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Photo: Cgp Grey | Courtesy Of Creative Commons

Just over a month ago, the undergraduates voted whether Penn should divest from fossil fuels, and an overwhelming 87.8 percent of participants voted yes. After this amazing success, it is only natural to wonder what comes next in terms of Penn actually divesting from fossil fuels. Unfortunately, it does not mean that Penn will automatically divest, and the process is slower than optimal. Even so, we are in it for the long haul and are taking the next steps in order to see full fossil fuel divestment come to fruition.

While the referendum proved undergraduate student support, we plan to continue building support among the Penn community for the adoption of divestment as University policy. Such a decision will not be handed down easily, and with this in mind, we are building support among faculty and alumni in addition to students to demonstrate the importance of fossil fuel divestment and its broad appeal.

Despite the influence of student, faculty and alumni support, we know that in the end, the decision to divest is in the hands of the Board of Trustees. Naturally, the next logical step in attaining divestment is contacting the administration in order to begin the conversation and process regarding divestment. While the success of the referendum requires the Undergraduate Assembly to formally suggest fossil fuel divestment on behalf of the undergraduates, we know that the administration is busy and might not make time to take care of the issue. Yet as an institution that is known for caring about climate change and sustainability, we are confident in the fact that the administration will listen to our case and assist us in our cause.

The pressure on institutions to divest from fossil fuels is building as an increasing number of distinguished organizations and figures have declared their support. Just over two weeks ago, the United Nations Framework Convention on Climate Change stated its support for divestment because “it sends a signal to companies, especially coal companies, that the age of ‘burn what you like, when you like’ cannot continue.” The UNFCCC joins the ranks of public figures Jon Huntsman Jr., Natalie Portman and President Barack Obama that have made public statements in support of divestment over the last several years. The number of institutions committing to divesting has also been rising; with universities including Stanford, the University of Maine system and Syracuse University all making commitments, as well as philanthropic foundations such as the Rockefeller Brothers Fund. Additionally, financial investment advisors have taken large strides in making divestment easier. For example, institutional advisor Cambridge Associates, which advises 82 percent of university endowment funds, agreed to offer fossil free options to investors in November.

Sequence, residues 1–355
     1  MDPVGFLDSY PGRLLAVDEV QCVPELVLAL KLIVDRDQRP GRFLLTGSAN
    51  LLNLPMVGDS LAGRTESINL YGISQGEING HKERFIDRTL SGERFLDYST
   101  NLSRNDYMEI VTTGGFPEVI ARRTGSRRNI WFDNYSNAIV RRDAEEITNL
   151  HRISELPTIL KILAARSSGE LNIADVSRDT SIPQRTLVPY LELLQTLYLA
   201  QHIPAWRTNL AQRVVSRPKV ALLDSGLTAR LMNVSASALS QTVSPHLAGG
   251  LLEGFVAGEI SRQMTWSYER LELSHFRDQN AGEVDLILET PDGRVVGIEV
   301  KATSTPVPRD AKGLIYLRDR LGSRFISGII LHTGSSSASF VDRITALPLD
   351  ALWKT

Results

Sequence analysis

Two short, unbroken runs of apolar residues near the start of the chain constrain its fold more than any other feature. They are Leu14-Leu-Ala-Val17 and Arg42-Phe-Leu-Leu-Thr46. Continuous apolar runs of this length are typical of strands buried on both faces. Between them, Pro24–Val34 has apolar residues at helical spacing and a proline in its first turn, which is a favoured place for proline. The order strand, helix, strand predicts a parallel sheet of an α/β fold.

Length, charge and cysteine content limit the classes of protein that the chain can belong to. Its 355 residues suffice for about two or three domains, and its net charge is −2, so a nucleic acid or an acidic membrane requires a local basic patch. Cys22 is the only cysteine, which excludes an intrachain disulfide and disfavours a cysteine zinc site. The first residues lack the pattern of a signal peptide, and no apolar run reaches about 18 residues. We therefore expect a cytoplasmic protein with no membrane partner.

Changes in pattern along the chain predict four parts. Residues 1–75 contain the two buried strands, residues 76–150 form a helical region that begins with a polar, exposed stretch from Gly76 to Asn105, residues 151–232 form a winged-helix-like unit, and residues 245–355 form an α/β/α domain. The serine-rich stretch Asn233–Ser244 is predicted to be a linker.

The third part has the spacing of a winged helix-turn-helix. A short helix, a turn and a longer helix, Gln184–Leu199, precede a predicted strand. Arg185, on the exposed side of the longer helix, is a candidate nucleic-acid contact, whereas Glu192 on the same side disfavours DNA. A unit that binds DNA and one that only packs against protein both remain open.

We are aware that the standards for what warrants divestment are high; however, we feel that we have a strong case. We have broad student support, proven by the success of the referendum. We are aware though that this alone does not mean our proposal is within the University’s rules that state only extreme circumstances warrant divestment. We think, however, that fossil fuel corporations’ culpability in causing climate change means that divestment is absolutely warranted by reason as well as popularity. Recent support from reputable institutions and individuals as those listed above provide us with certainty that our requests of the University are reasonable.

With divestment comes reinvestment. In our opinion, the natural reinvestment opportunity is renewables. We know that more research needed in order for the world to fully transition towards clean energy. But this is exactly why we need divestment. Penn’s reinvestment into green technology will help facilitate this transition through Penn’s monetary and moral support.

Even so, clean energy is already demonstrating viability. For example, Costa Rica’s electricity generation has remained fossil free since the beginning of the year, generating all their energy cleanly. Munich, Germany, has set a target of having 100 percent fossil free electricity generation by 2025, and it is well on their way towards achieving that goal. We strongly believe that as a leader in sustainability initiatives, Penn is ready to show their support for a stable climate and just future through the divestment of fossil fuels and the reinvestment into clean energy.

RITA WEGNER and PETER THACHER are a College freshman and sophomore, studying environmental studies and urban studies respectively. Her email address is wegnerm@sas.upenn.edu. His email address is hapthacher@gmail.com.

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